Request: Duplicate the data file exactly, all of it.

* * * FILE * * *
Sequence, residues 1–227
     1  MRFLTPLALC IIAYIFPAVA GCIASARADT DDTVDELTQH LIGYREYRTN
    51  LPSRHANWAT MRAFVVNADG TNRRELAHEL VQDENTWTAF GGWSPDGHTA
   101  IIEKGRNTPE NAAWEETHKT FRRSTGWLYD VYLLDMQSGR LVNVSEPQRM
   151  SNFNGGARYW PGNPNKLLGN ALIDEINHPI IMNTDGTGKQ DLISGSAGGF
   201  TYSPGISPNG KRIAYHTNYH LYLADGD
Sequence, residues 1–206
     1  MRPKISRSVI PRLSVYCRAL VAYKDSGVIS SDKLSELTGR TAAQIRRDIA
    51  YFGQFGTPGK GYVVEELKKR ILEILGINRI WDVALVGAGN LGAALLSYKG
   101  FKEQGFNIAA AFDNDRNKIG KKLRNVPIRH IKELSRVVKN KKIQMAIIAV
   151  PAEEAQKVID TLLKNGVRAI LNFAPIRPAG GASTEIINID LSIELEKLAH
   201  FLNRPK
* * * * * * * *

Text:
Sequence, residues 1–227
     1  MRFLTPLALC IIAYIFPAVA GCIASARADT DDTVDELTQH LIGYREYRTN
    51  LPSRHANWAT MRAFVVNADG TNRRELAHEL VQDENTWTAF GGWSPDGHTA
   101  IIEKGRNTPE NAAWEETHKT FRRSTGWLYD VYLLDMQSGR LVNVSEPQRM
   151  SNFNGGARYW PGNPNKLLGN ALIDEINHPI IMNTDGTGKQ DLISGSAGGF
   201  TYSPGISPNG KRIAYHTNYH LYLADGD
Sequence, residues 1–206
     1  MRPKISRSVI PRLSVYCRAL VAYKDSGVIS SDKLSELTGR TAAQIRRDIA
    51  YFGQFGTPGK GYVVEELKKR ILEILGINRI WDVALVGAGN LGAALLSYKG
   101  FKEQGFNIAA AFDNDRNKIG KKLRNVPIRH IKELSRVVKN KKIQMAIIAV
   151  PAEEAQKVID TLLKNGVRAI LNFAPIRPAG GASTEIINID LSIELEKLAH
   201  FLNRPK